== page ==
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Performance Enhancing Contact Lenses

More than half of American adults have vision problems such as nearsightedness, farsightedness or astigmatism and need corrective lenses. Many athletes who fall into this category choose contact lenses because of the competitive advantage they can provide.

Even if you've worn contact lenses in the past and found they weren't that comfortable for you after a long day at the office, you could try them part-time strictly for sports and recreation.Performance Enhancing Contacts in action 1/2

Contact lenses enhance sports performance in many ways, such as providing a wider field of view than eyeglasses.

Less chance of injury. Eyeglasses may break and cause an eye injury if you take a hard hit, but contact lenses won't.

Less likelihood of fogging up or getting splattered. Unlike eyeglasses, contacts usually remain clear regardless of environment or weather conditions such as rain.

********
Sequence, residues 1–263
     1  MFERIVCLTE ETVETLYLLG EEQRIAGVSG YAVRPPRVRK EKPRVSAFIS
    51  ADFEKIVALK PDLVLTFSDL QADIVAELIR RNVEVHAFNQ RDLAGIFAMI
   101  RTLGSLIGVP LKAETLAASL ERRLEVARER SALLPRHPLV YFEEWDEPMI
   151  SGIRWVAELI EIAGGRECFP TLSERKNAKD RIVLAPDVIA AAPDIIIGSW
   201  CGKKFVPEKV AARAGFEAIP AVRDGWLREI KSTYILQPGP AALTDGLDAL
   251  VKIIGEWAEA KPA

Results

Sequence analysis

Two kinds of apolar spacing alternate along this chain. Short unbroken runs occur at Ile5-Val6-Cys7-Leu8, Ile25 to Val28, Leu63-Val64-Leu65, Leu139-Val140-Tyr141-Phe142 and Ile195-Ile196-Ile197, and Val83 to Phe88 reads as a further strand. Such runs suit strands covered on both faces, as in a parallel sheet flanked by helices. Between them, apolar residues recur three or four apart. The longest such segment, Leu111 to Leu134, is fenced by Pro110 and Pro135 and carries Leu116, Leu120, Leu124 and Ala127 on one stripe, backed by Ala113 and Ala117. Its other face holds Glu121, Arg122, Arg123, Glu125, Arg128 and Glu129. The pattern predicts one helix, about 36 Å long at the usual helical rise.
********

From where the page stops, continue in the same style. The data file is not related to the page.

Better peripheral vision. Though sports eyeglasses can be made with large, wraparound-style lenses, most prescription eyeglasses have small, relatively flat lenses and small frames. This significantly limits peripheral vision essential for many sports.

Unobstructed field of view. Contact lenses also provide a wide, unobstructed field of view, because no eyeglass frames block or distort what you see. You can view more of your surroundings and react faster to objects coming at you and to other players around you. You also can more easily see and react to ground balls or other objects at your feet.

More stable vision. When you wear eyeglasses, you can feel frames move slightly on your face with each stride. And you can have vision disturbances with eyeglasses when you run. With contact lenses, you also don't need to worry about eyeglasses sliding down your nose or falling off.

Performance enhancing contacts in action 2/2To reduce glare and improve contrast when playing sports, you might want to consider custom-tinted soft contact lenses. These lenses selectively filter light rays to give you greater visual comfort and help you react faster to objects (such as a baseball or soccer ball) coming your way.

Though most athletes who need corrective lenses wear soft contacts, GP lenses also are an option. These contacts, also called rigid gas permeable or RGP lenses, are designed for full-time wear and have several advantages over soft contact lenses.